Hugh asks 2 questions, the wrong questionsFrom this piece:
The debate begins with these questions: Are we at war with Islam? Do you want a war with Islam?
My answers and the answers of any sensible person ought to be "no," and "no." I'd like to see blogggers who are opining on the caroons answer these questions up front.
I have, so I will take a whack at this. First of all, it is the wrong question set Hugh. One cannot go to war with a religion. One cannot even agree or disagree with a religion. One can agree or disagree with a particular person's or group's behaviour based on their interpretation of their religion. A religion, in this case Islam, is an abstract idea. A dear Jewish friend has said to me on more than one occasion, "That is a good question. Find me 10 rabbis and I'll give you 11 answers." This is true in all faiths that I am aware of. Look at the number of sects of Christianity we have in this country and how many things they disagree on.
So the "right" questions are: Are we at war with Muslims? Do you want to be at war with Muslims.
To go into a little more detail I will attempt to make the point the way Dennis Prager has made it several times that I have heard on his radio show (Hugh, you should have Dennis on your show to discuss this in the context of "true Muslims"). I will undoubtedly not do this as well as Dennis, but here goes my paraphrase of Dennis.
There is a dispute among Christians and Mormons as to whether Mormons are Christians. I cannot judge this as I am neither a Mormon nor a Christian. Many Christians claim they are not. Mormons emphatically insist that they are. From my perspective I have to assume that the Mormons are Christian since they insist that they are, but it really doesn't matter to me. I can only judge them on their behaviour. Most Mormons are good and decent people. Most Christians are good and decent people. It is a distinction without a difference to me.
In this case there are many different kinds of people who claim to be Muslim. I will simplify greatly for the point of the argument and just discuss two of them.
Muslim group A: Muslims who believe that their faith teaches peace, respect for all people and equality. They wish to spread their faith by setting an example in their own life and peacefully sharing their beliefs with their neighbors. I would agree with most everybody who has spoken up on the topic that the vast majority of American Muslims fit this broad category. Without question there are Muslims who fit into this category around the world, including the Arab world.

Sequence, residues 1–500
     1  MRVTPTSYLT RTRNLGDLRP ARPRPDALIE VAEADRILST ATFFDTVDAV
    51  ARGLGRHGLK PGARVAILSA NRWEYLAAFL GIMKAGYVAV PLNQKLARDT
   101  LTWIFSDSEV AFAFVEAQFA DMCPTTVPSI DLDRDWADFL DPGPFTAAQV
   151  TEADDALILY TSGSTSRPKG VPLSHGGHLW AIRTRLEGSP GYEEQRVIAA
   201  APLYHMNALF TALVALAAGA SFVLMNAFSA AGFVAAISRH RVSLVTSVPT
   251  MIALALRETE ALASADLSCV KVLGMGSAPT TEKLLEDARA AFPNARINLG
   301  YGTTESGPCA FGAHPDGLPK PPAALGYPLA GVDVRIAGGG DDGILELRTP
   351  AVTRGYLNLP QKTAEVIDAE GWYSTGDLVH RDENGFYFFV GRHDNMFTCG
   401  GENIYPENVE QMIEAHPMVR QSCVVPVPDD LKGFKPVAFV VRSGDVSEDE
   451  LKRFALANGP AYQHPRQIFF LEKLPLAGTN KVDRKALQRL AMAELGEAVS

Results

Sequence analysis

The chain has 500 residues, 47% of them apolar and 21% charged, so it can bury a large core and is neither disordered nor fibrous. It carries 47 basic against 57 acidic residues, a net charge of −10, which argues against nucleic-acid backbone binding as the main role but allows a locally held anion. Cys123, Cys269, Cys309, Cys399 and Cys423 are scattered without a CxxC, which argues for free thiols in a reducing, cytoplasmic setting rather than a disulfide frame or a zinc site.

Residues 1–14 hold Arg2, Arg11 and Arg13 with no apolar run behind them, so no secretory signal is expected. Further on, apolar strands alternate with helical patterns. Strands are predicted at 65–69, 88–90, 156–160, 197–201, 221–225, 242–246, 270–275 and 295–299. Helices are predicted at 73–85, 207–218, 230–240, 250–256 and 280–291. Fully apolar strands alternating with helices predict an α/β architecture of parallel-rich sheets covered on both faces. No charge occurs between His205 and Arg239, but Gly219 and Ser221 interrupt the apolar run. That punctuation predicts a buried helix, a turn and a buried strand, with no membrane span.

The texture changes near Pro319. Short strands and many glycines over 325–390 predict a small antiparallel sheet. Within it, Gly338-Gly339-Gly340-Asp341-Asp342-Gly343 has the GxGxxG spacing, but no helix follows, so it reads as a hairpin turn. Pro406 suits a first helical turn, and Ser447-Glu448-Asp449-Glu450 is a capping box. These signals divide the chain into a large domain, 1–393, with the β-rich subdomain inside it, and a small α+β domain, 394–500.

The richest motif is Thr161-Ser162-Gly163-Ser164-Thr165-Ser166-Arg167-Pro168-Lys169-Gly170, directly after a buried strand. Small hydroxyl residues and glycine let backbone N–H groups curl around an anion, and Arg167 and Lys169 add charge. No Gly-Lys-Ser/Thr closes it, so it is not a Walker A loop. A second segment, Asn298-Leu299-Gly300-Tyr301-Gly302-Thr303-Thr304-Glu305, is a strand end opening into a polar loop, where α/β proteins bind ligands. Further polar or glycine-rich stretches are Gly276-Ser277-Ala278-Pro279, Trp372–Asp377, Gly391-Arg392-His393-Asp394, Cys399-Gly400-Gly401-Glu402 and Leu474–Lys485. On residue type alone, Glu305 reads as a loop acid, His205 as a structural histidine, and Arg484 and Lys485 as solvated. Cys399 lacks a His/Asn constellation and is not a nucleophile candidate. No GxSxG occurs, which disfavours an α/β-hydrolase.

Muslim group B: Muslims who believe that their faith teaches them that they must forcibly convert or destroy all non-Muslims. Further, they are prepared to kill other Muslims who don't conform to their version of their religion. Their primary group goals are to destroy Israel and then convert or destroy Europe and the US. Different people have different opinions on what percentage of Arab Muslims fit into this broad category. There is very little doubt that there are a lot of people in this group.
So now we have 4 questions?
Are we at war with group A? NO.
Do I want to be at war with group A? Hell NO!
Are we at war with group B? YES we are without question. This is the GWOT.
Do I want to be at war with group B? Not really, but I see no viable alternative.
The hard, I would argue unanswerable, question is which of these very different groups represent "true Islam"? I don't know and I really don't care. Which is the "true Christianity", the one that committed the atrocities during the Crusades in the name of Jesus Christ, the ones that burned witches, or the peaceful versions we see today in the US? People who aren't Christian shouldn't care.
I am happy to work with members of group A. I don't but would be perfectly happy to live next door to members of group A. I would invite them to dinner in my home. I believe we have to either convert, imprison or kill the members of group B before they kill us. I would guess Dennis is perfectly happy to live next door to modern American Christians. I would guess he is glad that the Crusader-type Christians aren't around any more. I know I am.
The point has been made many times that we don't see enough "moderate" (group A) Muslims denouncing the behaviour of the "extremists" (group B). I agree to a point. First of all, I think there is a lot more of that going on than we see in the antique press. Secondly, people forget that it took many decades (I would argue centuries) for Christianity to right itself after the rift created in the Middle Ages. In the modern world of airplanes, TV, radio and the Internet it should go faster for the Muslims. They could right themselves more quickly (meaning a small number of decades). I hope they do. Group B needs to go away.